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KS Cover no. 75 2006 August

August 2006 :: 075

Near and far: Shiga

Ishiyamadera and the Miho Museum, Shiga

Traveling east toward Lake Biwa from Kyoto, urban congestion quickly vanishes and the train passes through green canyons and peaceful towns. This is the way to Shiga prefecture: the eastern limit of Kansai's rail network and an ideal daytrip out of the big city.

At Ishiyamadera, a mountainside Buddhist complex with a commanding view of Japan's largest lake, you can peer into the room where Murasaki Shikibu laboured on The Tale of Genji. A short trip from there, deep into Shiga's mountains, the IM Peidesigned Miho Museum is a work of art in itself — a meditation on Eastern art and spirituality, cast in hidden temples of shimmering glass and limestone.

The Setagawa River, often filled with rowing crews, accompanies the short walk south from Ishiyamadera station to the temple complex. The entrance gate (¥500) yields to a shaded lane and a sheer rocky bluff, atop of which stands the Tahoto, or treasure tower (a national treasure built 750 years ago, it appears on ¥4 stamps). The surrounding forest features a wealth of seasonal flowers and hiking trails — one of which leads to the Lake Biwa overlook.

But the big attraction is the temple's connection to Genji's author. Experts agree that she stayed at the temple in 1004. The poet and novelist Shimazaki Toson also stayed here during the Meiji era. If Ishiyamdera is a mountain retreat, then the Miho Museum is a mountain exile in the middle of nowhere.

The Miho museum, a bus ride from Ishiyamadera, is located amid a nature preserve and is virtually invisible from the approach. After purchasing a ticket at the visitor center and passing through a huge winding tunnel, IM Pei's geometric glass roofs come dramatically into view. Rising parallel to the mountain range, the gate-like structure is a state of the art take on Far East architecture, replete with a Zen-like circular portal. Pei, who also designed the pyramid at the Louvre in Paris and the East Building of the National Gallery of Art in Washington, DC, has said that he consciously designed the building to blend with nature.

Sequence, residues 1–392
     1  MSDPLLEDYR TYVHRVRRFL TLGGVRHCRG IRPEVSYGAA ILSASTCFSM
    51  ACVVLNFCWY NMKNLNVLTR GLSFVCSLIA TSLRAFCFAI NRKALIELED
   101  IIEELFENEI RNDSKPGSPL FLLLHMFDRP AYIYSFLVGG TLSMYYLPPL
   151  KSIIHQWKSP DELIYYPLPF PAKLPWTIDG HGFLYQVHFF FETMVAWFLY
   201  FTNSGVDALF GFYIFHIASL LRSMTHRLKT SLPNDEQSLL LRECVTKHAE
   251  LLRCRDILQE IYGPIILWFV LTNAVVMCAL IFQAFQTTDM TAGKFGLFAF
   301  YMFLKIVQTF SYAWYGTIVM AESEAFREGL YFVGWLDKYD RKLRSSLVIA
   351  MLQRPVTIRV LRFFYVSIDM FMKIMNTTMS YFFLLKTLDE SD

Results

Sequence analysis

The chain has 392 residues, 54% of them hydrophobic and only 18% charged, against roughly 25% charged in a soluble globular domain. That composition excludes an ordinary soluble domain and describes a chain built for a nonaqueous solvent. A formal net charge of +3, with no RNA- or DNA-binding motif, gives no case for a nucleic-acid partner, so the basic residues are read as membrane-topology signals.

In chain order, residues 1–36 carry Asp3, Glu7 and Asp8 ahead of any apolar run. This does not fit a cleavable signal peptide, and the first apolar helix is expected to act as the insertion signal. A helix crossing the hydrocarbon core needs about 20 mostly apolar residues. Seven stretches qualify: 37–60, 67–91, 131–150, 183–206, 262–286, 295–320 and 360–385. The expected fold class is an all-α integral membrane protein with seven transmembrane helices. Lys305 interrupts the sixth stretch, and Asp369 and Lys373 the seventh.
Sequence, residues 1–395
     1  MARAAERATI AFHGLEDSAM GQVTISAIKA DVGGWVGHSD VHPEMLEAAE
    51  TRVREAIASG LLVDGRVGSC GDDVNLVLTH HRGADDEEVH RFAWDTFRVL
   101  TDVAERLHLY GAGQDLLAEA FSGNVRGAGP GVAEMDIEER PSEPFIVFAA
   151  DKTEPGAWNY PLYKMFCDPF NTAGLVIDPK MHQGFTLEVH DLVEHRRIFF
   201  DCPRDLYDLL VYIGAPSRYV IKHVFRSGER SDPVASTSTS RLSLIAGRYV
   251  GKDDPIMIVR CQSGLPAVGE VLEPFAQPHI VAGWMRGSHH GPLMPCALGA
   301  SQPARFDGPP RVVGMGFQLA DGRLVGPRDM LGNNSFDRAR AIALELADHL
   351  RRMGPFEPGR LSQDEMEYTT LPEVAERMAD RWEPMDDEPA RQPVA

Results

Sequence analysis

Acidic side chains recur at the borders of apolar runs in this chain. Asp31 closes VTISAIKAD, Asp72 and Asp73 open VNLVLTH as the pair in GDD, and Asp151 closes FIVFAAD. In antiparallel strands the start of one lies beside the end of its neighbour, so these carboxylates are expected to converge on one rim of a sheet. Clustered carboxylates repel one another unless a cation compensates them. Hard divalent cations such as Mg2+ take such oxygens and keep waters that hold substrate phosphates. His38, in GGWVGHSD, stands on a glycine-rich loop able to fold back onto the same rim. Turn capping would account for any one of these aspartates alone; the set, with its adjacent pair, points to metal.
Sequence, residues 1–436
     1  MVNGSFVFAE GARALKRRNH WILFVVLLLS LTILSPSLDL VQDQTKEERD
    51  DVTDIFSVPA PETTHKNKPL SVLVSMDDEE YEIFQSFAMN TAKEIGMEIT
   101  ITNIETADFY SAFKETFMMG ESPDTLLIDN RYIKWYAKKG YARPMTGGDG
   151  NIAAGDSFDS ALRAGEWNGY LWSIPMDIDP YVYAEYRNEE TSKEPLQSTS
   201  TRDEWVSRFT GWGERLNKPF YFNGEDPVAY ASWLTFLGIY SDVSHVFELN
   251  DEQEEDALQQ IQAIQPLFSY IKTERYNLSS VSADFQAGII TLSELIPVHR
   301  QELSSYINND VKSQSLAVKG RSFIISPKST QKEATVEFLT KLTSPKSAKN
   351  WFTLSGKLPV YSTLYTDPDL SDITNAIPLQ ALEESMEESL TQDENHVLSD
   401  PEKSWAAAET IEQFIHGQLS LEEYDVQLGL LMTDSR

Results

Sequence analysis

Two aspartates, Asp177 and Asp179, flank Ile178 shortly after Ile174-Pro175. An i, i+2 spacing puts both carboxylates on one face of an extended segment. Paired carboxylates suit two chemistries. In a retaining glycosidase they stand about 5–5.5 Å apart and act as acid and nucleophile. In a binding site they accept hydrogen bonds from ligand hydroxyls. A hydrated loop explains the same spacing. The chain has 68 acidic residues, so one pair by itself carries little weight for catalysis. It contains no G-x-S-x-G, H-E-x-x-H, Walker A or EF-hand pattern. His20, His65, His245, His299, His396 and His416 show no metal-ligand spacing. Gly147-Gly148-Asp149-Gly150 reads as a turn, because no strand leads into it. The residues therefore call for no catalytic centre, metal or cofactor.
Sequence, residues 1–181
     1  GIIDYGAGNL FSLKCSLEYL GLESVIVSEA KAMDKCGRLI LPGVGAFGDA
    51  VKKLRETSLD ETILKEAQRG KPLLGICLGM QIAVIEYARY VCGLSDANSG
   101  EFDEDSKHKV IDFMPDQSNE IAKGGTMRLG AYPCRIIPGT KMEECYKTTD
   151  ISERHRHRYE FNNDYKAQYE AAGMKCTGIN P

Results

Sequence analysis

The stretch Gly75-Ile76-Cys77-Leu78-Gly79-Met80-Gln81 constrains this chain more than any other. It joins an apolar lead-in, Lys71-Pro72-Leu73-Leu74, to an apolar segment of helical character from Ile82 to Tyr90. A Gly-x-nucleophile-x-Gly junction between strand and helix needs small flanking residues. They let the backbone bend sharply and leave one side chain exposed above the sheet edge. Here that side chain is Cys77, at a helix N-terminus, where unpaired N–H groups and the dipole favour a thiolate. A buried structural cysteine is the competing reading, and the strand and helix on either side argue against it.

While the museum's exterior reflects its serenity by design, its ancient content is dazzling. Shumei began compiling its collection of European, Middle Eastern and Asian art in the 1990s after Pei suggested the collection be international and has amassed a significant horde since then. The standout pieces include a massive 2nd Century standing Buddha from Pakistan as well as an Egyptian figurine of the god Horus that is more than 3,000 years old.

Text & photos: Dan Wilcock

:: Online Articles


Mt. Sosha




Ishiyama & Miho Museum






Iya Village


Yoron Island

:: Kansai Listings


Up to date cinema listings guide so you always know what's on, where and when!

:: ART

Best exhibitions + Kansai art listings


Best events + Kansai event listings


Best gigs + Kansai live listings


Parties not to miss + Kansai club listings

:: Also in this month's mag


Cafe Terrace de Paris, Kitano


VADE MECVM., Utsubo Park


Best festivals & listings + hanabi


Japan revealed + Random Walk


Best films + cinema listings


Nihongo to go


I Scream, you Scream, everybody loves ice cream
Japanese ice creams


Life during wartime
Escape from Beirut


A horror movie in heaven
Bokor National Park, Cambodia

Ways & Means


Though Ishiyamadera is less than an hour by train from Kyoto, it helps to get an early start to see both places (mostly because the Miho is remote). Take the Kyoto Tozai subway at Keihan's Sanjo Station in Kyoto to Keihan Hama-Otsu station. From there, Keihan trains go directly on the Ishiyamazaka line to Ishiyamadera (total cost: ¥540, 50 minutes). JR also runs trains to Ishiyama station from Kyoto Station on the Tokaido line via Sanyohonsen (¥230, 35 minutes). From there, transfer over to Keihan for the three-minute leg to Ishiyamadera station (¥160).


To get the Miho, backtrack from Ishiyamadera to Ishiyama station and from there take the No. 150 bus (leaves every hour from 9am to around 1 pm on weekends). The 50-minute ride (¥800) winds up into the hills to the museum (0748-82-3411, www.miho.or.jp, admission ¥1,000 adults /¥300 children, 10am to 5pm daily, closed Mon except on holidays).